No Bright Line Rule in Interpretation Cases

Alexandra Bailey
May 25, 2008

R. v. Rybak [1], a recent decision from the Ontario Court of Appeal, has clarified the Supreme Court’s ruling in R. v. Tran (1994)[2] on the interpretation of section 14 of the Charter of Rights and Freedoms. This section of the Charter states that:

A party or witness in any proceedings who does not understand or speak the language in which the proceedings are conducted or who is deaf has the right to the assistance of an interpreter.[3]

Rybak argued that any language deficiency warrants the application of the criteria, laid out in Tran, for adequate interpretation. According to the accused, a right to “continuity, precision, impartiality, competency, contemporaneity”[4] is present in all cases, even when only a few words of no consequence are missed. The judge, however, viewedTran as reading that interpreters must provide a plain English interpretation, or its equivalent.[5] The interpretation of proceedings could be different for each person, depending on their own abilities.[6] This part of the appeal was dismissed on the grounds that the trial record was silent on any problems arising from the interpretation of proceedings.[7] If accused persons want to complain that they did not understand the translator, they should do so at trial rather than after it.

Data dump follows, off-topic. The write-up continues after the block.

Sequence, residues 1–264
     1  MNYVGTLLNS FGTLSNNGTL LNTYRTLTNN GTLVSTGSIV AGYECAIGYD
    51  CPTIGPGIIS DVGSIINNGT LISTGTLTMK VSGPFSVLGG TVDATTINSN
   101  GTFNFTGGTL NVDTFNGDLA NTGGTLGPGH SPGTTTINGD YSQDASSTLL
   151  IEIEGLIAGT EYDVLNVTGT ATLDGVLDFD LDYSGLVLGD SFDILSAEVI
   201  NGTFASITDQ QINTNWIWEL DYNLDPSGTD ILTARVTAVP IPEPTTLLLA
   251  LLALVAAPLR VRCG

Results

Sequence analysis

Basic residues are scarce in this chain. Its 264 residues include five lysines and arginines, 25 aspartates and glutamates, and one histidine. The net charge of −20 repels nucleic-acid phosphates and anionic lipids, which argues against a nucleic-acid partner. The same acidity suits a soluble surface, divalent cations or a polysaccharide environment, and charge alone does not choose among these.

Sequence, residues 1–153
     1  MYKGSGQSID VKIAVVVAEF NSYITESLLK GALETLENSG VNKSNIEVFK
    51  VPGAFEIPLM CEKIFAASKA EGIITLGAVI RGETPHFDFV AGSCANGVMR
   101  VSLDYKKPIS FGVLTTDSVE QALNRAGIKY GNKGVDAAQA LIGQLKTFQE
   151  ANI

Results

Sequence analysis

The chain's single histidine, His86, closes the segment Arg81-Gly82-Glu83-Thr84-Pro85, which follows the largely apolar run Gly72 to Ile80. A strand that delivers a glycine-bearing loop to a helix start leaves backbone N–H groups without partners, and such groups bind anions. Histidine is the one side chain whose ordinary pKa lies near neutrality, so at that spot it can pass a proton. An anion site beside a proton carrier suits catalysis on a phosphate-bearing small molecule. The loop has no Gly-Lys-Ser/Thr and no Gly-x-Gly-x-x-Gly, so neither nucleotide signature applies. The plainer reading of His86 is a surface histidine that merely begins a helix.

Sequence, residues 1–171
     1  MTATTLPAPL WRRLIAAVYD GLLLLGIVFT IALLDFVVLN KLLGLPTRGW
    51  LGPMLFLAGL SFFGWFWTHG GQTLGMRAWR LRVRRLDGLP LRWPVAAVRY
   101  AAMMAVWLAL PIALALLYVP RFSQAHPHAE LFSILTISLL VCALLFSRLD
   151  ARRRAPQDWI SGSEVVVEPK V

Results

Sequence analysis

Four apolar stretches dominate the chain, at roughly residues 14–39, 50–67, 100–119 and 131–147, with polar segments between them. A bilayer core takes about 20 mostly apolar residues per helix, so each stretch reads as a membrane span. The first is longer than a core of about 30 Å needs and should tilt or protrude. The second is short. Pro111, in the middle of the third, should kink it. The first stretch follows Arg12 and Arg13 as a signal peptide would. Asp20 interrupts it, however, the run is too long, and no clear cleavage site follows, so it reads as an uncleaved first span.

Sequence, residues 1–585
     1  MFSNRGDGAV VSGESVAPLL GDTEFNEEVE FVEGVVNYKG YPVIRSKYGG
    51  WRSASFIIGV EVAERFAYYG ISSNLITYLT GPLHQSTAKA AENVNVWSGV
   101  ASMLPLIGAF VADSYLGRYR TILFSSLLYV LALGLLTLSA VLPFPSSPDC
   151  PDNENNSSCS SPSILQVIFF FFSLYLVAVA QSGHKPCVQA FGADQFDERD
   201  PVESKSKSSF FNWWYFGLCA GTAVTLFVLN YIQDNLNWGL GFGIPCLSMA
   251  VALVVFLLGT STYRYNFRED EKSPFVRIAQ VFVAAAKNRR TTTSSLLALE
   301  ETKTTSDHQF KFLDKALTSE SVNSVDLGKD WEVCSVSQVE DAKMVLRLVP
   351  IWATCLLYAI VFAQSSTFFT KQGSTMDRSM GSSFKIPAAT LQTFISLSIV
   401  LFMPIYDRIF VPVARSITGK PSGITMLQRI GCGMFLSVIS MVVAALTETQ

[1] R. v. Rybak, 2008 ONCA 354, online.
[2] R. v. Tran [1994] 2 S.C.R. 951, online.
[3] Canadian Charter of Rights and Freedoms, Part I of the Constitution Act, 1982, being Schedule B to the Canada Act 1982 (U.K.), 1982, c. 11, online.
[4]Supra note 2at para. 246.
[5] Supra note 1 at para. 100.
[6] Ibid.

[7] Ibid. at para. 95.

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Centre for Constitutional Studies
448D Law Centre
University of Alberta
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